"Liquidising the credit rally
The recent stabilisation in the Institute for Supply Management Index (ISM) has been hailed by some as justification for a rally in corporate credit.
Indeed, there’s historical precedence for that. Over the past 40 years, when ISM stabilises, credit spreads have tended to tighten. But, it’s important to note, that such rallies have usually been very temporary and quickly reversed. Credit markets have usually waited for manufacturing to actually expand — not just slow its slide — before pricing in a more sustainable, longer-term rally.
You can see the tendency in the charts below, from Dresdner Commerzbank. The red dots are the low points in the ISM Index and the green ones are what the bank deems sustained rallies in credit spreads.
Here’s what Dresdner analyst Willem Sels has to say on the subject:
Every time ISM found a bottom, spreads started to come in. But in each case, credit investors soon seemed to realise that ‘less bad’ news was not yet ‘good news’, and the spread path reversed. The real sustainable spread compression started only later… It is remarkable that these ‘true’ rallies all occurred only when ISM was back above 50 again (52 in most cases – as shown on the ISM graph), i.e. when manufacturing was expanding again.
So, historically, it’s taken nine to 15 months after the troughing of the ISM for a “true rally” in credit to take hold. If history repeats itself (past performance is not necessarily indicative of future results and all that), we’re looking at September/October for a meaningful tightening in spreads — and that’s assuming that the ISM has really troughed — a rather risky premise.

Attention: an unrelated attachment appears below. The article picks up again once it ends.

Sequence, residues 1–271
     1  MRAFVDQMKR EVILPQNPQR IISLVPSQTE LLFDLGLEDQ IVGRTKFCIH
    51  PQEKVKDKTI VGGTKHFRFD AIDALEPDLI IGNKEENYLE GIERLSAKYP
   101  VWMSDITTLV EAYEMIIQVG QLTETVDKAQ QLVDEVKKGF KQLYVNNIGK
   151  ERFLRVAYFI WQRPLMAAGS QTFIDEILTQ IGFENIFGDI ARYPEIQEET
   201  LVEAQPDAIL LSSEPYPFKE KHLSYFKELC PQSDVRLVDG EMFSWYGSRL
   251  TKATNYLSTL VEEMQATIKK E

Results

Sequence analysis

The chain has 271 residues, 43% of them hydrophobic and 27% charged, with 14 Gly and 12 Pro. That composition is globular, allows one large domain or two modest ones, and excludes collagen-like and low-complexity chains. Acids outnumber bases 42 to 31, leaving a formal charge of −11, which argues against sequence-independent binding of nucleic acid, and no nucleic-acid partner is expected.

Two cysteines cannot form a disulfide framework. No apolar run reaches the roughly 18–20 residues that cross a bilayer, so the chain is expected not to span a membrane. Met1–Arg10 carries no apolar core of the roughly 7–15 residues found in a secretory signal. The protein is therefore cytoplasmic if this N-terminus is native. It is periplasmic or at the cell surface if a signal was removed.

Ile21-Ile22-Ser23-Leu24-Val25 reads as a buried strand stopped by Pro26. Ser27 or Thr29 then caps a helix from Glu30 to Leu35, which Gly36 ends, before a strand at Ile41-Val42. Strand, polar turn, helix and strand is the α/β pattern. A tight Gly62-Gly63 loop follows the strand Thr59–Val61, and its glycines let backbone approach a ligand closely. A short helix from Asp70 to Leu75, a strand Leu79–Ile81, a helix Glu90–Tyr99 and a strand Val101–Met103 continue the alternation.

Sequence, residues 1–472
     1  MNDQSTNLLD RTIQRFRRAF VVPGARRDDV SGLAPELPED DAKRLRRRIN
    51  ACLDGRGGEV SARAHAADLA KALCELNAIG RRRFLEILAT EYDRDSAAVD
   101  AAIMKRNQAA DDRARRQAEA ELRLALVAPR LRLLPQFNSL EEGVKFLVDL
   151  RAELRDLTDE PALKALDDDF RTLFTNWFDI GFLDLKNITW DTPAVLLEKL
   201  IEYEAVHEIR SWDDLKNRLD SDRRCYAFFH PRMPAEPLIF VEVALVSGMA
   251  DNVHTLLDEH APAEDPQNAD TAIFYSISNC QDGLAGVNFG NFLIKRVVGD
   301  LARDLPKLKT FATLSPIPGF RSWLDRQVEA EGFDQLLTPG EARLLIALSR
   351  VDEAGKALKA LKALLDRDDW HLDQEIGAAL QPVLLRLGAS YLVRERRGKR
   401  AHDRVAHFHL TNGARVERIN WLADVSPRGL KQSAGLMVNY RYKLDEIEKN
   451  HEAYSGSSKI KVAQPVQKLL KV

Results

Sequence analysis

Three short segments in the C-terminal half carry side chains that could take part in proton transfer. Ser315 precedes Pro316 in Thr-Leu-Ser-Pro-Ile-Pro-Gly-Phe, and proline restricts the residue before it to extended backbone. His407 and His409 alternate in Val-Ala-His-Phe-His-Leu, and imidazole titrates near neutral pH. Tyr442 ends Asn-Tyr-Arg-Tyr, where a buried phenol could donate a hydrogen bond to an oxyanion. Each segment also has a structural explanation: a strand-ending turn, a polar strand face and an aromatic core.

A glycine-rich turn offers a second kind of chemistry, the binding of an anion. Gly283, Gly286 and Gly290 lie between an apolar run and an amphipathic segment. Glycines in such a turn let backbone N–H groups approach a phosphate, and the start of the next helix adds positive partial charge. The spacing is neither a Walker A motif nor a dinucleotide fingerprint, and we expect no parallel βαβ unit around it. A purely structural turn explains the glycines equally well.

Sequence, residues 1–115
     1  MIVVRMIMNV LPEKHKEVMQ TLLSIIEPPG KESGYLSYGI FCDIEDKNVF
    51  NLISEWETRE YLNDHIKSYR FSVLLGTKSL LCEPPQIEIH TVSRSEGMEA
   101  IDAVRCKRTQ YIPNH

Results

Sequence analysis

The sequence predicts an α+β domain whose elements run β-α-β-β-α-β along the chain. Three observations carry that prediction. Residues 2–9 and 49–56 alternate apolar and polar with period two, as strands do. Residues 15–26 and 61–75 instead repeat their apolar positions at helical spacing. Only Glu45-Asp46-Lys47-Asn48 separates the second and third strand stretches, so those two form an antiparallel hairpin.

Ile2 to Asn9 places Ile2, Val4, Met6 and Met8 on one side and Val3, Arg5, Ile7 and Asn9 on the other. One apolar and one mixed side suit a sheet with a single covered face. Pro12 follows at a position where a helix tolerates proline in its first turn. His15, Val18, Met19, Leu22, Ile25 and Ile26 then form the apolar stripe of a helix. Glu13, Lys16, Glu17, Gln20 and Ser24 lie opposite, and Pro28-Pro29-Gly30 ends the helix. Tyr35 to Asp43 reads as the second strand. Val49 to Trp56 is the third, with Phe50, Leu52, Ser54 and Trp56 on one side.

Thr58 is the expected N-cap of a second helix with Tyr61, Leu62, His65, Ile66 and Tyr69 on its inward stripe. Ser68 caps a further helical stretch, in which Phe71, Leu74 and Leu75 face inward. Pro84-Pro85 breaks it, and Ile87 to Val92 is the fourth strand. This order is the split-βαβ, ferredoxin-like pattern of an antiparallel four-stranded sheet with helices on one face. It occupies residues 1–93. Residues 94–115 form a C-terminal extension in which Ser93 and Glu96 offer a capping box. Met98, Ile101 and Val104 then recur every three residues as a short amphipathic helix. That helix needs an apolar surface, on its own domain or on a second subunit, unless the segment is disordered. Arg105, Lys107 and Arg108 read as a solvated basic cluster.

Of course, you could argue that the above analysis ignores the possibility that spreads may have overshot fair value. Savvy investors could jump in now and make a short-term killing, maybe even a longer-term one. But, there’s one thing that should be giving them pause for thought and that’s liquidity.
Here’s Sels again:
One of the reasons why investors do not want to anticipate a rally too far ahead is the cost of getting it wrong. As we suggested before, even if there were scope for further spread compression, we think spreads would widen out again before starting a sustainable rally. In the current market environment, it is very difficult to get in and out at an acceptable cost (even if one were able to time it perfectly).
You can see that lack of liquidity in this chart, with trading volumes of corporate bonds still very thin.
In otherwords - if you want to chase a quick credit rally - make sure you can get out swiftly.
Any angels left in heaven? - FT Alphaville
Chief of NYSE cautious over rally in March - FT
The incredibly shrinking market liquidity, or the upcoming black swan of black swan - Zero Hedge
Merrill let loose on the quant scent - Zero Hedge